Act I: Love & Life


Two households, both alike in dignity,

In fair Legonia, where we lay our scene,

From ancient grudge break to new mutiny,

Where civil blood makes civil hands unclean.

From forth the fatal loins of these two foes

A pair of star-cross’d lovers take their life;

Whole misadventured piteous overthrows


Do with their death bury their parents’ strife.

The fearful passage of their death-mark’d love,

And the continuance of their parents’ rage,

Which, but their children’s end, nought could remove,

Is now the two hours’ traffic of our stage;

The which if you with patient ears attend,

What here shall miss, our toil shall strive to mend.

~ Romeo And Juliet, Shakespeare


Scene 1: Legonia

Like any other city in any other country, Legonia was a place where 20 percent of the population controlled 80 percent of the wealth. And 50 percent of the said 20 percent of the prosperous population was the House of Highbrow.

Lord Highbrow himself was a banker of great esteem (although he helped caused the recent subprime mortgage crisis) and he carried a suitcase filled with cash, contracts, documents, cheques and project papers everywhere he went. His family lived in a house so high that it towered over all the houses in Legonia.

So it was without doubt that Lord Highbrow was very proud of his house and subsequently, very proud of himself. But the House of Highbrow was but 50 percent of the prosperous population in Legonia. The missing 50 percent lay across the street and they were called the House of Stoutheart.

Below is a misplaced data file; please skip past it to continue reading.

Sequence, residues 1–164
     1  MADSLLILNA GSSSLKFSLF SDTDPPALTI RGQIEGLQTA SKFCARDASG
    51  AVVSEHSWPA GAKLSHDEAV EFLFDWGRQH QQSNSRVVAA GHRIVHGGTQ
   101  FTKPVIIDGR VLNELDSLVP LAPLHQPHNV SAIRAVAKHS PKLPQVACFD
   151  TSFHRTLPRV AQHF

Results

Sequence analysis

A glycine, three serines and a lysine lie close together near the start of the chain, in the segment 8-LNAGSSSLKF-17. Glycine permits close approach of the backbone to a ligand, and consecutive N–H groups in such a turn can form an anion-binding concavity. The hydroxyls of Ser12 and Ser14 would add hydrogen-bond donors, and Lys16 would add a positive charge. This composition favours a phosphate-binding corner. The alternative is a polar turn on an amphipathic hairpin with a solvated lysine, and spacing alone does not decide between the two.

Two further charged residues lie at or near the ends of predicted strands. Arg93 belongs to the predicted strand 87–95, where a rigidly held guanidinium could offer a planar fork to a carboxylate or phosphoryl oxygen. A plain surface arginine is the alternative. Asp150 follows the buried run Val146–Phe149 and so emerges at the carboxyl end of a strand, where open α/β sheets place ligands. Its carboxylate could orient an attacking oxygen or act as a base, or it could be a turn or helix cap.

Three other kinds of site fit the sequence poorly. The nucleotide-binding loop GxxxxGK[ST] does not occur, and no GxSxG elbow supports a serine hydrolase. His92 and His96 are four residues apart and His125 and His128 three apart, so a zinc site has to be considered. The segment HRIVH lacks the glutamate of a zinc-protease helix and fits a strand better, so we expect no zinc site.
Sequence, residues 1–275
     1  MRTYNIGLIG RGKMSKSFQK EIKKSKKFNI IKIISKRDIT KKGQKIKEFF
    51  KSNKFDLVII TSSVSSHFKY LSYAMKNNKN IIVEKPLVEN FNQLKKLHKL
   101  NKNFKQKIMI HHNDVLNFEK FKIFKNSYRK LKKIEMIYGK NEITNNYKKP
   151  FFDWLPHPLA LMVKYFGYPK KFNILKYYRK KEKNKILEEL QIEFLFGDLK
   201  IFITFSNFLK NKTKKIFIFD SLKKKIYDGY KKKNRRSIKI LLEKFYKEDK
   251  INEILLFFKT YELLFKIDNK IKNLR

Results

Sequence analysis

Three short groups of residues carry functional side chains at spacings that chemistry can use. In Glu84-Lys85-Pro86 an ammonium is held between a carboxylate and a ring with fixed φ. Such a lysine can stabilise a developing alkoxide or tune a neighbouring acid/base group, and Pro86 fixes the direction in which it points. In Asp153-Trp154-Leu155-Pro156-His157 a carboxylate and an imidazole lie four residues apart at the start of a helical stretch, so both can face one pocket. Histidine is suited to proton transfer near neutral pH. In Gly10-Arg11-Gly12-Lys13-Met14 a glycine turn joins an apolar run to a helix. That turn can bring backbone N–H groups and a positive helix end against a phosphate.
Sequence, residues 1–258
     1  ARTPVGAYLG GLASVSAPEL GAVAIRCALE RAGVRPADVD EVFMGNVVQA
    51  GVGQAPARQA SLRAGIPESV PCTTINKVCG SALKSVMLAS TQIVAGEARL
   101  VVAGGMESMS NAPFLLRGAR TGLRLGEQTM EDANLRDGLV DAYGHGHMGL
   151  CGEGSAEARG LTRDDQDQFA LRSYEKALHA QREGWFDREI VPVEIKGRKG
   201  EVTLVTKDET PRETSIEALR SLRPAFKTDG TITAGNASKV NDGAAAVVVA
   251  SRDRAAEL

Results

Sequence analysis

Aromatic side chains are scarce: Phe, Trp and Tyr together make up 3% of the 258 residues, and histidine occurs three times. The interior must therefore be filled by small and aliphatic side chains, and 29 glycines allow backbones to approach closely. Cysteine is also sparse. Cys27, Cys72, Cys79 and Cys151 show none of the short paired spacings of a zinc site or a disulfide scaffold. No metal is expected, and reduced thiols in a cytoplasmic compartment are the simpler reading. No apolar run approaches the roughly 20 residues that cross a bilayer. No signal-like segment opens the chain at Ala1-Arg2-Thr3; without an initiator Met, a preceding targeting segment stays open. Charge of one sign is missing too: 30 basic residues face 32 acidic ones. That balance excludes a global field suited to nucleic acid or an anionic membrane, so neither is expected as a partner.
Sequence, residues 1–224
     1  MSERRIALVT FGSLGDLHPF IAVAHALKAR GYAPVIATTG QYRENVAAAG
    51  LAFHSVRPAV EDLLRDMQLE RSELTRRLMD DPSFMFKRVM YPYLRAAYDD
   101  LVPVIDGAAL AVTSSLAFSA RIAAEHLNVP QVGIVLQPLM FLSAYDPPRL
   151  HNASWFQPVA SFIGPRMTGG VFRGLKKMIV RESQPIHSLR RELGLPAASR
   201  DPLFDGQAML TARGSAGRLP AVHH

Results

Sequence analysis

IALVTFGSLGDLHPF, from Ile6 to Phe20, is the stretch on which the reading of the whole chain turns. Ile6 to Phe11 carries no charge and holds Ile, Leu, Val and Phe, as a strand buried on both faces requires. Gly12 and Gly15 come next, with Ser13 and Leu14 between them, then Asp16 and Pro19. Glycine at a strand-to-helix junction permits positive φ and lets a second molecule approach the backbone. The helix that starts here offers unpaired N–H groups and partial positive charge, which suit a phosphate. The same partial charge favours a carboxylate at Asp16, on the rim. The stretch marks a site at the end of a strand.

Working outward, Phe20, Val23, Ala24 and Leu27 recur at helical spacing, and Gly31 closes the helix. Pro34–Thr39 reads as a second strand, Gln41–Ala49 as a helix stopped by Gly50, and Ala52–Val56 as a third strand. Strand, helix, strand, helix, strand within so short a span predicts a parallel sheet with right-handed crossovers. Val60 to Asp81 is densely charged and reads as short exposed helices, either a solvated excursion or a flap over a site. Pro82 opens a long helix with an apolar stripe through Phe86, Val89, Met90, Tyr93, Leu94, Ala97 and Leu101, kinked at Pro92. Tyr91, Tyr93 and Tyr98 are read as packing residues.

Lord Stoutheart was a lumberjack and made his millions by killing innocent trees. He lived in a house that was broad and big with well designed door lamps and roofs.

The Highbrows and the Stouthearts had an old quarrel that started with their forefathers, three generations ago. The Highbrows were jealous that the Stouthearts had such nicely designed homes.

While the Stouthearts, on the other hand, were jealous that the Highbrows had taller houses with chimneys!

The jealousy, enmity and evil intent of both houses reached such a height that a servant of the Highbrows could not meet a servant of the Stouthearts without exchanging insults,  fierce words and gunshots. These brawls and bloodshed disturbed much of the happy streets and poorer citizens of Legonia. But as the bickering between the two families became more frequent, the citizens of Legonia soon became desensitized and carried on with their usual lives.

Scene II Lego and Life

In the house of Stoutheart, there was a particular youth that became more notorious than any other Stoutheart that had ever lived. And because he loved playing Lego so much when he was young, his father nicknamed him Lego. Duh!

Lego was always getting himself into trouble and mischief. But he was also smart and brilliant! He graduated at the age of 18 from a prestigious University and won the top prize scholar award.

But to the horror of his mother, he took up Go-Kart racing after his graduation!

But even in Go-Karting, he would emerge as No. 1, winning many trophies and prizes.

Lego was just a person that could win with ease. A child prodigy that any person would like to be.

There was one thing, however, that Mr. Lego Stoutheart could not win. And that was the love of the mayor’s daughter, Mona.

No matter how he tried, she just would not accept Lego and his love. In fact, the closer he tried to get to her, the more Mona avoided him.

To be continued –

One Response to “Act I: Love & Life”
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